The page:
What I Want You to Know About My Imperfect Wife / Your Perfect Mom

We were waiting in line at Legoland for a roller coaster you had been wanting to try all day when you started to get anxious. “I want to get out of the line,” you said. “I don’t want to do this ride anymore.”

I squatted down so I could meet your eye. “That’s fine. We don’t have to do it,” I said. “But I want you to know that a lot of times rides look scarier than they are, and I know you would have fun on this one.” My words did not soothe your nerves, however, so we excused ourselves with apologies to the people behind us and zig-zagged our way back to the main walkway.

I started to ask you what ride we should do next but then I noticed you were crying. “What is it?” I asked. “Are you embarrassed? You don’t need to be ashamed about not wanting to do the ride.”

“It’s not that,” you managed. “I just miss mommy.”

I had wondered if this moment might come. I questioned how it would be for you to see all the moms carrying their kids, holding their hands, taking family selfies, answering some number more than two when the employee asked how many people were in their party.

We sat for a few minutes and missed her together, you crying into my shoulder as I held you and rubbed your back. Between sobs, you said, “Mom was the best mommy ever. She was perfect.”

I thought then of one of my favorite scenes from the movie Good Will Hunting. The title character in the movie is a troubled young genius who puts up walls in his relationships to shield himself from any pain. After beating up a former bully and lashing out at the officers who intervene, Will is compelled to attend therapy, which he does with his typical apathy and irreverence. After burning through several would-be counselors, he ends up with a therapist named Sean, played brilliantly by Robin Williams. When Will learns that Sean is a heavily grieving widower, he tries to exploit that fact to drive Sean away, only to discover that Sean won’t be so easily manipulated. After a tense early confrontation, Will continues to see Sean as the two men slowly begin to gain trust in one another.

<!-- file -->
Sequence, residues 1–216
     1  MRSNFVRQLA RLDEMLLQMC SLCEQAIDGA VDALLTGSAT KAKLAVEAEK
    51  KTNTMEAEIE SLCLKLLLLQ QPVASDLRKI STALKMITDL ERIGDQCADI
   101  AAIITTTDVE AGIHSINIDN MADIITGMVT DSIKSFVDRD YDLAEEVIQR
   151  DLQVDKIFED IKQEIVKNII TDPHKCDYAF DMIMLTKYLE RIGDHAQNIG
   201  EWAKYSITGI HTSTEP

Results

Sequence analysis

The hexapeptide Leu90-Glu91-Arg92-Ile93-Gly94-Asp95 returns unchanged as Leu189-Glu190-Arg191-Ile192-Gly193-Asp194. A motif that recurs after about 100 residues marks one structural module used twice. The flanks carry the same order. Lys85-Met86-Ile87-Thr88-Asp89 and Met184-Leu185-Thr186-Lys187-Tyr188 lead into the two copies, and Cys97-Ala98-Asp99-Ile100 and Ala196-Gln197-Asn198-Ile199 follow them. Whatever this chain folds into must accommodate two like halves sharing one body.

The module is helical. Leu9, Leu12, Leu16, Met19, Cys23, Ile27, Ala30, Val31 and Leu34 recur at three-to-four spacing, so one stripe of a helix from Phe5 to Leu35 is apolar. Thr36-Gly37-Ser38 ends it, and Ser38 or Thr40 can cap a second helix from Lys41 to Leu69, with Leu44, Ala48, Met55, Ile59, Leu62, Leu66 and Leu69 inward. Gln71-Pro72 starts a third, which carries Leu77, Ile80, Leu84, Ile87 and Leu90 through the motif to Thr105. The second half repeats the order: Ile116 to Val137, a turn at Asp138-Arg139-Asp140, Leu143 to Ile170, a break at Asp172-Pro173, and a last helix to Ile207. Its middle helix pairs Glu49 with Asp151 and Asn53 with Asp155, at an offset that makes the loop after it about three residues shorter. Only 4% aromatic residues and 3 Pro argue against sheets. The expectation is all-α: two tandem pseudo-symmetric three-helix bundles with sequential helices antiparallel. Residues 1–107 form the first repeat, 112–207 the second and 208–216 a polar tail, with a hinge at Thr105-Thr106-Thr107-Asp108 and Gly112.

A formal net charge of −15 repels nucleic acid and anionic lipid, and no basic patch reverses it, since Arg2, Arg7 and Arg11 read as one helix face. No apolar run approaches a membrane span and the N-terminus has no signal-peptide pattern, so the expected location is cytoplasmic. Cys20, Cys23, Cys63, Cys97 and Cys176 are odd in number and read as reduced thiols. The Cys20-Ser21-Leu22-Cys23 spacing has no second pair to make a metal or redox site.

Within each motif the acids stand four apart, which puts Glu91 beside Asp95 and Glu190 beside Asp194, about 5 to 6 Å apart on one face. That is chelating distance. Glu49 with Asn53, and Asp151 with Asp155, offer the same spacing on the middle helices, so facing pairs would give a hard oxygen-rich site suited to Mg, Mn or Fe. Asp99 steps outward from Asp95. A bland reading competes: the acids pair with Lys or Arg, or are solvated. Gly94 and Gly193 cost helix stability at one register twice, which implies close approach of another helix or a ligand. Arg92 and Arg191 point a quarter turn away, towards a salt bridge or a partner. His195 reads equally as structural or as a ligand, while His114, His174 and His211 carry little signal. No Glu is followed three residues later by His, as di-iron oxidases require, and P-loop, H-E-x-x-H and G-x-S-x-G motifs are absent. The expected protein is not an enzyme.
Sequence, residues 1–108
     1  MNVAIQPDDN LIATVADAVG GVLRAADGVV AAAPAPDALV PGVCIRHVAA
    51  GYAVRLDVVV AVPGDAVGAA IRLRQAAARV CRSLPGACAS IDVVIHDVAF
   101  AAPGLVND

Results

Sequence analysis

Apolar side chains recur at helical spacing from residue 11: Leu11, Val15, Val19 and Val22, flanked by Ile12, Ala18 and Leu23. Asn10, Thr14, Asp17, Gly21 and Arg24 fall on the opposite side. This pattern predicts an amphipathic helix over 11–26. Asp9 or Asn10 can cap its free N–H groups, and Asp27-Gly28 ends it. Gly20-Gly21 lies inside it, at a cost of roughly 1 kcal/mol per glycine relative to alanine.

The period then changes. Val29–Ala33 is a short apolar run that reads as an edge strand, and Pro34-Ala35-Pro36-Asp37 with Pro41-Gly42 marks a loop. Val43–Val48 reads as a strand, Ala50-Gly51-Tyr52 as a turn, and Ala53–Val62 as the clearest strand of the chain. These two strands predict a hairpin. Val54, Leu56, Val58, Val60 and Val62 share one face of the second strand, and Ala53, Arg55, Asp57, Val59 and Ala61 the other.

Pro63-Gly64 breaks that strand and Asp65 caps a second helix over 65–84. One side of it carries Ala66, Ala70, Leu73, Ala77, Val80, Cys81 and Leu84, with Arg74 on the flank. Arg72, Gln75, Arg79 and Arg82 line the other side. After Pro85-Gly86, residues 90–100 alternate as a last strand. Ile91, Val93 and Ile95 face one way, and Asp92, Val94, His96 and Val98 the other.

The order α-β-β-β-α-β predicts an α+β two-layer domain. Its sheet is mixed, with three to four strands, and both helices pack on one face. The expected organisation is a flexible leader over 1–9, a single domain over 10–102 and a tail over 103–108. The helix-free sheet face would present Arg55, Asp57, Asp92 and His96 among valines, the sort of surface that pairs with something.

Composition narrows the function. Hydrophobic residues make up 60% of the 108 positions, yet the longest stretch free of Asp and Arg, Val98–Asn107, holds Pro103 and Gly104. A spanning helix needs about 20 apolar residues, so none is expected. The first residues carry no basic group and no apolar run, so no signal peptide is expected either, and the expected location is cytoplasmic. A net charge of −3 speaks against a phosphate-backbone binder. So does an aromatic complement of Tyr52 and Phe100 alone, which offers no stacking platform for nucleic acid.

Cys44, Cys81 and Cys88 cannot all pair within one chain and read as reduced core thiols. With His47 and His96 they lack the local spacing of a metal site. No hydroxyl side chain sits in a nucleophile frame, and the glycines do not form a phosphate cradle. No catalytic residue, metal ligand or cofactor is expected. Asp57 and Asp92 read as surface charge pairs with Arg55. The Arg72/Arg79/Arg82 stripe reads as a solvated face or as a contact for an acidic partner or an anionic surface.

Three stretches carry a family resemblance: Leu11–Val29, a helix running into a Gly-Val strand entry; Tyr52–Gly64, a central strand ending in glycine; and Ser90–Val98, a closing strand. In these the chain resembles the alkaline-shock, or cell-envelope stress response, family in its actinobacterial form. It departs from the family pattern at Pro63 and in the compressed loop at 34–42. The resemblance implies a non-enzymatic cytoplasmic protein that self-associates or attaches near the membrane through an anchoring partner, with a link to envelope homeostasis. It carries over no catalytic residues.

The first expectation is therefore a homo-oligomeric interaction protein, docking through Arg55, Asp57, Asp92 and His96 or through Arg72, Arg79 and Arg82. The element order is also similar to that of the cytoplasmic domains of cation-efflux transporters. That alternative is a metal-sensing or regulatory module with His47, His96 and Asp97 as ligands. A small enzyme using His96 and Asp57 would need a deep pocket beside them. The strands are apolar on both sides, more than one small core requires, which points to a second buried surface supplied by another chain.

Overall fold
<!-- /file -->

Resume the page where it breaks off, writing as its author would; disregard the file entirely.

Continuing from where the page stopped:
During one of the therapy sessions, Will tells Sean that he met someone he is interested in romantically. He explains he’s nervous to spend more time with her because he might find out she’s not perfect. Sean scoffs at this. He tells Will that his wife used to fart when she was nervous and when she slept, one time even waking up the dog. The two of them laugh at that before Sean adds, more somberly:

Oh Christ….aahhh, but, Will, she’s been dead two years and that’s the shit I remember. Wonderful stuff, you know, little things like that. Ah, but, those are the things I miss the most. The little idiosyncrasies that only I knew about. That’s what made her my wife. Oh, and she had the goods on me, too, she knew all my little peccadillos. People call these things imperfections, but they’re not, ah, that’s the good stuff. And then we get to choose who we let in to our weird little worlds. You’re not perfect, sport. And let me save you the suspense. This girl you met, she isn’t perfect either. But the question is whether or not you’re perfect for each other. That’s the whole deal. That’s what intimacy is all about. 

I think I saw that movie for the first time when I was in college, several years before I ever met your mom. It stuck with me, though. I would think about that scene and those wise words frequently during the years your mom and I were married anytime she did something that got under my skin. Or when she would let out a really bad fart.

The scene has taken on new meaning for me these last thirteen months.